From Strategic Culture
Great powers throughout history often become lazy. This translates into opting for easy solutions by force majeure to problems that might better be dealt with more constructively, a process once referred to as "gunboat diplomacy." The United States has fallen into that trap, operating under the assumption that military power is ultimately the only thing that matters. It has done so since President George W. Bush announced to the world in the wake of 9/11 that "you are either with us or against us," and proceeded to invade Iraq, which had not been involved in the terrorist attack. President Barack Obama continued in that vein when he bombed Libya and increased involvement in Syria.
Currently the wheel has turned somewhat more towards fully embracing reactionary responses to world events. Last week the media reported additional details regarding last August's discussion in the Donald Trump White House over the desirability of mounting a military intervention in Venezuela to remove the admittedly dystopic and despotic government of President Nicolas Maduro. For those who are not following developments in the Southern Hemisphere closely, the Venezuelan "Bolivarian" government is an updated version of South American old-style communism promoting an aggressive populism that endorses class warfare.
Political demonstrations over the past two years protesting the deteriorating economy and the threat to what remains of the country's democracy have been suppressed by violence initiated by heavily armed police in which dozens died. The National Assembly, which is controlled by the political opposition, is being ignored by Maduro, who is basically ruling by decree. Since he controls the security apparatus there is no one to tell him what he cannot do.
Venezuelans, sitting on an ocean of oil reserves, are starving, unemployed, plagued by hyperinflation not seen since post-World War I Germany, and fleeing the country in their hundreds of thousands. Credit both internationally and domestically has vanished and foreign companies that had set up shop in the country, which refuses to allow them any longer to repatriate their profits, have fled, meaning that consumer goods once readily available have disappeared from the shelves.
So Venezuela is indeed a basket case and a growing problem for neighbors in South America, but the ones who are suffering most are the Venezuelans themselves, who, one would think, should be the most likely candidates for removing their own government. Not so, according to President of the United States and Leader of the Free World Donald Trump, who, according to the reporting from advisers that actually sat in on the meeting, suggested that there might be a military solution to the problem, i.e., the United States should intervene to restore order and "democracy." This discussion apparently took place nearly a year ago when the violence in Venezuela reached such a level that it appeared to be threatening to morph into civil war.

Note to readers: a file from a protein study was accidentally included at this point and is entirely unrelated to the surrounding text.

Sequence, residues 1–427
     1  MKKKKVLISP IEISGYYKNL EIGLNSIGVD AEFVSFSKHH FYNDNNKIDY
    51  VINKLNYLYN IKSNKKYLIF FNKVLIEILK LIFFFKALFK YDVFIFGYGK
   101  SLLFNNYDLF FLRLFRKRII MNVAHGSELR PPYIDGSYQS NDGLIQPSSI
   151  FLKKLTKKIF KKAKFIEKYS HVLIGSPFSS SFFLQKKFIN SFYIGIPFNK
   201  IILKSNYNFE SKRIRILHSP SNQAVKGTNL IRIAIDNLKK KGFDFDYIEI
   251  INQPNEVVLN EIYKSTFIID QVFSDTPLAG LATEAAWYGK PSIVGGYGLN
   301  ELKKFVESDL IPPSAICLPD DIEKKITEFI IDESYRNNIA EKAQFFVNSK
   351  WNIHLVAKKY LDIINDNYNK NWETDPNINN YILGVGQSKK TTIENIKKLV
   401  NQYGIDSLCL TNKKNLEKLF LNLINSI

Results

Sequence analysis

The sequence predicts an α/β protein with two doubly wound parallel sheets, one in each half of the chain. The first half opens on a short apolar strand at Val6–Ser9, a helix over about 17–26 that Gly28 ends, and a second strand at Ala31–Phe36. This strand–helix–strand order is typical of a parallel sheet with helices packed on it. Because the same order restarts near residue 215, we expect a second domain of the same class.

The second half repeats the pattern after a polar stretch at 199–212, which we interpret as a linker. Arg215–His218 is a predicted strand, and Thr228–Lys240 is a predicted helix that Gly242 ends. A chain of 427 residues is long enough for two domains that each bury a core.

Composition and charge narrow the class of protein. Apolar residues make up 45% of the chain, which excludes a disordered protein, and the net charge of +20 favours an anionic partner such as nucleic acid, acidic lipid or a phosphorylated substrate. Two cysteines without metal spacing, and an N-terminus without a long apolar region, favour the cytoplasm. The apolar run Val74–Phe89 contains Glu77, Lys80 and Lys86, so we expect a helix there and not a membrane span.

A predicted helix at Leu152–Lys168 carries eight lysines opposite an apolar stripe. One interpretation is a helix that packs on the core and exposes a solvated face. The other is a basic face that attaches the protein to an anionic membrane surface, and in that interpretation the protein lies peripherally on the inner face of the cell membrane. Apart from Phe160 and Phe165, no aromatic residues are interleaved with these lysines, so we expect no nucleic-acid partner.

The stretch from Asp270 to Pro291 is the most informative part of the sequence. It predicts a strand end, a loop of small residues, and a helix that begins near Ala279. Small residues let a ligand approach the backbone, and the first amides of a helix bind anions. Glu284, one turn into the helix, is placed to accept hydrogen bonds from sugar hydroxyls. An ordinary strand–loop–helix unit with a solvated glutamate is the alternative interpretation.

According to the Associated Press account, "As a meeting last August in the Oval Office to discuss sanctions on Venezuela was concluding, President Donald Trump turned to his top aides and asked them an unsettling question: With a fast unraveling Venezuela threatening regional security, why can't the US just simply invade the troubled country? The suggestion stunned those present at the meeting..." Trump's aides reportedly discussed with him the dangers inherent in such a proposal, mostly in terms of costing support of Venezuela's neighbors, who are already behind punitive sanctions to isolate Maduro's regime and have been swamped with a refugee crisis. Intervening would also revive unpalatable memories of American incursions in various Latin American countries during the twentieth century.
But Trump, who appears to have no Latin America policy apart from punishing "socialist" Cuba and Venezuela, persisted in his support of a military incursion as a possible option, citing relatively recent Reagan-era interventions in Panama and Grenada as success stories. He also mentioned the possibility of an armed response in a press conference on the following day, a comment was reported and predictably produced a wave of support inside Venezuela for Maduro.
Even in government circles, behavior should be conditioned by "reality checks" or even referral to one's "moral compass" when planning potentially lethal operations, if only to restore some sense of what might be both practical and ethical. Apparently that push-back against executive branch adventurism has long since disappeared and there are few in Congress or the media that are willing to challenge runaway American imperialism.
Invading Venezuela would have been a very bad idea, but the untrammeled growth of executive authority in the United States means that if Mr. Trump had pushed a little harder he might have obtained what he wanted. It is a reality that should worry every American.